Data Analytics: Design the Need, Find the Solution

Written by Gideon Dean, Vice President of Partnerships, Michael Brizendine and Raju Pillai at Onyx CenterSource & Kaycee Rodgers, Data Analyst at Hotel Engine
Edited by Laurie Pumper, Communication Director, HEDNA

Between data infrastructure, visualization tools, reporting cadence, and more, reporting and analytics is an expansive subject with a wide range of variables to consider. For hotel companies looking to explore analytics, it can be tough to know where to start. We call the work required to find the best solution to meet a data request ”designing the need.”

Connie Marianacci and Gideon Dean of The HEDNA Hotel Analytics Working Group sat down for a virtual interview with Michael Brizendine and Raju Pillai from Onyx. Through the conversation, we identified the following steps as the most effective method to find solutions to data needs:

  • Make data a core part of your business strategy. Start with a strong analytics foundation, complete with best practices for the company.
  • Develop a comprehensive understanding of the question we want to answer.
  • Collaborate with key stakeholders when building your design plan.
  • Prioritize requests with cross-functional use cases whenever possible.

In this blog, we break down the value of working each step based on the experiences of our experts. Data teams who work toward defining the need in this way are sure to see success, and we want to help get you there.

Reporting vs. Analytics

Before we dive in, let’s explore the difference between hotel reports and hotel analytics. While the two may not seem vastly different, consider the amount of auto-generated PMS and CRS reports available at the hotel level. These reports provide the facts on what’s been recorded within the hotel system. Examples include rooms sold, rooms available, generated revenue, loyalty bookings, and guest information. This level of data is typically used by the operational staff and management companies to monitor day-to-day business along with hotel financials.

Our experts believe the shift to hotel analytics occurs when we start blending internal data with external data. This is often achieved by using pattern-based algorithms, adding the context of the world around us to our own hotels’ business trends. Merging internal and external data also allows us to benchmark performance against our competitors. This level of data is most often sought out by revenue management and corporate level teams. Hospitality professionals are accustomed to accessing hotel analytics through third-party data aggregators. A downside of these tools is the minimal ability to drill further into the data and learn more details.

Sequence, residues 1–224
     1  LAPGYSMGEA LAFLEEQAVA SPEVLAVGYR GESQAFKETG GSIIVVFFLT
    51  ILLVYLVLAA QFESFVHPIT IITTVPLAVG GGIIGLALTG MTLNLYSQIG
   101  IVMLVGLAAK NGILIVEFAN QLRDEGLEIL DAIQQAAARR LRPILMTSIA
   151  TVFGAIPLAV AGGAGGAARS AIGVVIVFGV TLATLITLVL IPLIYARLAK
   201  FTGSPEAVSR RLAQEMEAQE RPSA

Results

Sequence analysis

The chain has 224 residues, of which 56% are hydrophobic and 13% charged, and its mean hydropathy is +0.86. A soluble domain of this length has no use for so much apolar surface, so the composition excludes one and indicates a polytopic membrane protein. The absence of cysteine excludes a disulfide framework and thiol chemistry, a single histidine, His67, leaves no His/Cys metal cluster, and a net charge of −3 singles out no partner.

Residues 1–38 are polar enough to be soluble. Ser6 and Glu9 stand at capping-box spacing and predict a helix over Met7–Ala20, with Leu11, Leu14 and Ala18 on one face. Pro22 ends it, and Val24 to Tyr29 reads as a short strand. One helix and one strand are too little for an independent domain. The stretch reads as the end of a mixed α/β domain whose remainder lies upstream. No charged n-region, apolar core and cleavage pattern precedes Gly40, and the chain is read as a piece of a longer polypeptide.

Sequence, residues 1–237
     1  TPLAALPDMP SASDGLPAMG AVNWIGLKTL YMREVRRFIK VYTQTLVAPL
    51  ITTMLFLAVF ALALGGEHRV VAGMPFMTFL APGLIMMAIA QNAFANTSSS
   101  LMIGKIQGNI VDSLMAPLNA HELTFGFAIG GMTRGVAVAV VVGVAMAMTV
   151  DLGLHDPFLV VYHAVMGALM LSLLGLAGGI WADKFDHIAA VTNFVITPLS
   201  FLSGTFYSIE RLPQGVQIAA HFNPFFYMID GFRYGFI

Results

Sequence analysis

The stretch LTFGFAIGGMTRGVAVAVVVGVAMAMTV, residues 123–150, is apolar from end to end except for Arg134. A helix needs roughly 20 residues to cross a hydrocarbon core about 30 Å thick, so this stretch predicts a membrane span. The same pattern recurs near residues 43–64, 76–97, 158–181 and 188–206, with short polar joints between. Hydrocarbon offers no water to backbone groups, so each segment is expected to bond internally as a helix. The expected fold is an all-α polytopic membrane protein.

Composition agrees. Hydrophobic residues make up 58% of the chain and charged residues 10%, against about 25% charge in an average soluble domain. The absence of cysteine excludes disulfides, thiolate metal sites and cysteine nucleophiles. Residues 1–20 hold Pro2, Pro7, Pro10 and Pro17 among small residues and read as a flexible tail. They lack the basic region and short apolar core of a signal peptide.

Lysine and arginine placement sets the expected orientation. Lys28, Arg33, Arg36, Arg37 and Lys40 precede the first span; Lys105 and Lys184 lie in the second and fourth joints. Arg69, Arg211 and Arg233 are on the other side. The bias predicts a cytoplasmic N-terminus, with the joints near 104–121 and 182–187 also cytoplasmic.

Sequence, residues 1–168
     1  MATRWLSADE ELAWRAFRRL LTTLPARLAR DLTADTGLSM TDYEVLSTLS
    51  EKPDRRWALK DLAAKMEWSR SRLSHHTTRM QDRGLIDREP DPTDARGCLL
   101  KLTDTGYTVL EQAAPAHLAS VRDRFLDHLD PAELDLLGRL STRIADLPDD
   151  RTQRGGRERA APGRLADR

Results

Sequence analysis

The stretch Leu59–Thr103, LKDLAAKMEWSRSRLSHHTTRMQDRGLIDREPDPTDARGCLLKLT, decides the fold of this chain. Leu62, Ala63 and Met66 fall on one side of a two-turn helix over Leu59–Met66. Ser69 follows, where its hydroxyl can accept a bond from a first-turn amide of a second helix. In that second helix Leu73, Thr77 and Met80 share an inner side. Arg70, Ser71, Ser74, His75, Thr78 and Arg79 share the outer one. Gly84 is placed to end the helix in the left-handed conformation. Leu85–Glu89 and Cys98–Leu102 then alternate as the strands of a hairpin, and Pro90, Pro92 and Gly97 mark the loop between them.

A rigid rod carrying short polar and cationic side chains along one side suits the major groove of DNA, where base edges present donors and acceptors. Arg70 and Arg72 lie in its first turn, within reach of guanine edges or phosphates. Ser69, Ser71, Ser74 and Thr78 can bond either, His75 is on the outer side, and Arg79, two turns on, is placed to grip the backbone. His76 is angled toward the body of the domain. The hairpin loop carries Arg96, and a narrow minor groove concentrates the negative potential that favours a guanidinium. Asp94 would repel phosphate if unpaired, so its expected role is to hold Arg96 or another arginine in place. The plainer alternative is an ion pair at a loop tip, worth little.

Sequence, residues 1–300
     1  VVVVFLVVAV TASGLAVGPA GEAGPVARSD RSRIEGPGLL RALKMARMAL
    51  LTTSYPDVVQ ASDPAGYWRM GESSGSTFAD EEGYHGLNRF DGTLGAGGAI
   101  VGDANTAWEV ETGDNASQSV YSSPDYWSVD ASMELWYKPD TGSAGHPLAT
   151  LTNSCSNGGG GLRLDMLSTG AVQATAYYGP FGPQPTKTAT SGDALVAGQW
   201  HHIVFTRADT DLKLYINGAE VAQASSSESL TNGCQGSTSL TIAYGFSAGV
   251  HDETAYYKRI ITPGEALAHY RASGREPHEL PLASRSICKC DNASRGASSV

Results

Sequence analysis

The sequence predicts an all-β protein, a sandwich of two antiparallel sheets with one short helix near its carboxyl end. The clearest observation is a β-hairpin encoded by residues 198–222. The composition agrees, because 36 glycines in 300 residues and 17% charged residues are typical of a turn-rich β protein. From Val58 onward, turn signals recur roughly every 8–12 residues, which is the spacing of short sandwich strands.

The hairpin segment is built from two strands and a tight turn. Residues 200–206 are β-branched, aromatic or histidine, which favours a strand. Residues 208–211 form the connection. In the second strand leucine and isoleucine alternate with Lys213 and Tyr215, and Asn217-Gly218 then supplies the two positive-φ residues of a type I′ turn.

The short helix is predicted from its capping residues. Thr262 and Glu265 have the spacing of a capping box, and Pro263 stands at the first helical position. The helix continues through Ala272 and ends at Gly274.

As business evolves and we look to data to drive business decisions, in-depth and flexible analytics are essential. Companies that invest in building their own analytics are at a great advantage. These tools allow us to look beyond operational data and tailor analytics to specific business needs.

Step 1: Setting the Foundation for Effective Analytics

Raju believes that companies today should think of analytics as an integral part of their core business strategy. Choosing a platform that can scale as business evolves is an essential first step. Additionally, the company should align on the data skills needed to build a well-rounded team. Reaching a balance of technical and operational skills across teams creates opportunities for effective collaboration. With a strong foundation in place, stakeholders and data teams can approach new requests with confidence. Here are some tips to help you get there:

  • A glossary of key business metrics and definitions is essential for companies working with analytics. Agree upon calculations of key metrics, naming conventions, and use cases for each metric across all tools. Make the glossary shareable to increase adoption of these definitions across the organization. This helps reduce discrepancies when pulling the same metrics out of different BI tools — a common issue for companies using analytics.
  • If there are gaps in industry experience across the company, familiarize associates with data-related industry norms and limitations. This knowledge helps us identify practical approaches to solving analytics needs.